A guide to Google search operators

By Adrian Mursec topicIcon SEO

Google's useful, intuitive search operators represent just one of the reasons why the engine is the most powerful internet search tool on the planet.

Search Operators help you tweak your search and gain access to much more specific results. Operators can be some of the sharpest tools in your SEO arsenal and should always be used when analysing a site.

You can play around with search operators in a user-friendly way by using the Google Advanced Search, which displays the correct annotation at the top of the page as you start to fill in form fields.

Alternatively, I've listed some of the best operators below along with tips on how to use them, should you want to take it to the next level.

Note: to use an operator you just do a normal Google search but with the operator in front of a domain or term, separated by a colon, like so:

[operator here]:[search term here]

Basic Search operators


The 'site:' operator is one of the oldest, and will return results from a given domain. In terms of SEO this is the most useful as you can use it to check how well your website is being indexed and even tailor the search to return pages on your site which contain a specific keyword or phrase.

Tip: Using the 'site:' operator on a regular basis will help you keep an eye on how many pages are indexed in Google. It's worth noting that you can sometimes get more results if you search a URL without entering the 'www'-prefix.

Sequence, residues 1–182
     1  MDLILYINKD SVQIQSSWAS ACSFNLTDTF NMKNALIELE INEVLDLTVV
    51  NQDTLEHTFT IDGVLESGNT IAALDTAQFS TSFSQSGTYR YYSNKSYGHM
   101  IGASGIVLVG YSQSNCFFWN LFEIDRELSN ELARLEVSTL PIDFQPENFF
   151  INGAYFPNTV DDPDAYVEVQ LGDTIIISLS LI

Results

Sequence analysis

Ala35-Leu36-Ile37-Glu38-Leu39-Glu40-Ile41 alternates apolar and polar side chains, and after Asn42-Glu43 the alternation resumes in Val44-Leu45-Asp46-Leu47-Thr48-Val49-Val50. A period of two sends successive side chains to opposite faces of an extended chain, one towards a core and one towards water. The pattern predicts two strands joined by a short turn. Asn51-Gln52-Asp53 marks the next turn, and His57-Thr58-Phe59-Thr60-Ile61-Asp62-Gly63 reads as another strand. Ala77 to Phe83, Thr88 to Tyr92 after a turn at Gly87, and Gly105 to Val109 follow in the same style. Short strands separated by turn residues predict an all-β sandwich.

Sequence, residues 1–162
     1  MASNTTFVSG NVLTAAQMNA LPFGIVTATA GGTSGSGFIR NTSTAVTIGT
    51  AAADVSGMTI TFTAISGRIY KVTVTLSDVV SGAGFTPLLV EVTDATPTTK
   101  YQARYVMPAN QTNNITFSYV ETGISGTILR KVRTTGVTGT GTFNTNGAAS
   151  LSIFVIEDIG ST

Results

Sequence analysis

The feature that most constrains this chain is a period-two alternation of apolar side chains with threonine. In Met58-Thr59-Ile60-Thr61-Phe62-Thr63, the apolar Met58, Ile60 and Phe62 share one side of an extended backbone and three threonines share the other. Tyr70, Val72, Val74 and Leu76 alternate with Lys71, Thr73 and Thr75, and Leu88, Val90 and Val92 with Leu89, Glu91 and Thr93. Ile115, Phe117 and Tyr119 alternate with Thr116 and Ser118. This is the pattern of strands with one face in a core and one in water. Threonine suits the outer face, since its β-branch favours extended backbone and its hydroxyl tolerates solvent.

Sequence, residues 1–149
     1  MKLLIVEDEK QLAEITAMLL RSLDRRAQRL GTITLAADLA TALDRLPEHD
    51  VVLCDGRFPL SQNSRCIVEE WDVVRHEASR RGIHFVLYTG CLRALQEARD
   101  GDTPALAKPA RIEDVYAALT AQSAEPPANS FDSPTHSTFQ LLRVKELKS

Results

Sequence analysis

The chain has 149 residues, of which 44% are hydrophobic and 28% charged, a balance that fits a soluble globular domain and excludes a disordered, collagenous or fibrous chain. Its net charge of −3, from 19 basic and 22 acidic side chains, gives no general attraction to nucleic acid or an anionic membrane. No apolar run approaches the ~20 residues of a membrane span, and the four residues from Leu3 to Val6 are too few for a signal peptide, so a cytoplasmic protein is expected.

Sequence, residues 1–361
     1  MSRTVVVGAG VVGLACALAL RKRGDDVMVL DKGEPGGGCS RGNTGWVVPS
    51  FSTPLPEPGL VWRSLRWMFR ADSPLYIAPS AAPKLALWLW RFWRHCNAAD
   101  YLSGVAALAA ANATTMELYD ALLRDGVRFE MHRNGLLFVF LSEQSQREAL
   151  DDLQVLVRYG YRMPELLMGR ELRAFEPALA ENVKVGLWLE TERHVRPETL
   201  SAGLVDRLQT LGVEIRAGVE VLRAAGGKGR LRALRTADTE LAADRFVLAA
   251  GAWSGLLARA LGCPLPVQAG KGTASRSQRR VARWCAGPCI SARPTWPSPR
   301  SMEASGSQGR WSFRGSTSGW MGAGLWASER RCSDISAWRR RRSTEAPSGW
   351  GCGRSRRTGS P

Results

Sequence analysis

This one will return results which Google thinks are related to yours - it won’t match on a keyword or term but group sites by links. It’s a handy search tool if you are looking for a product or service and want to find a good deal.


Another one of the classic Google operators, this will show a selection of the links which point to a given site. It’s good for a basic view, but Google either doesn’t track all links to a site or just doesn’t like to show them. Yahoo has an alternative to this tool called Yahoo Site Explorer which will return the top 1000 links for any site.

Advanced Operators

allinbody: [term]

This one will make sure that the term you search for only appears in the body of the article. This is especially useful for those terms which are spammed-up - pages which try to rank highly just by adapting the page title or URL will be filtered out with this operator. This one is great for refining your search if the normal search is only returning useless results.

allintitle: [term]

This one will filter out pages which don’t have a term in the title. Again it will reduce the chance of you getting a page which ranks just for anchor text. If you are having trouble finding an organisation or just want to look for pages who title refers to a given term, this will help narrow down the search.

allinurl: [term]

This one will search for all the URLs containing the term you typed in. The URL isn’t always the best place for search engines to look for search terms as you can’t always influence it when adding pages to your site. Content Management Systems such as WordPress have built-in functionality for customising a URL and it’s one of the many reasons WordPress is so adored by search engines and SEOers alike.

allinlinks: [term]

Similar to previous operators, this will return results where the term is tagged in anchor text. This would be most useful when you want results which are targeted to a specific keyword or phrase.

One thing search operators are useful for is helping to identify what Google actually looks for when it ranks a website.

For people working outside the context of a specialist search agency like theEword, SEO can involve a lot of guesswork, but by looking at a page through Google’s eyes using search operators, Webmaster Tools and Analytics, you can see what the search engine values and ranks your site for.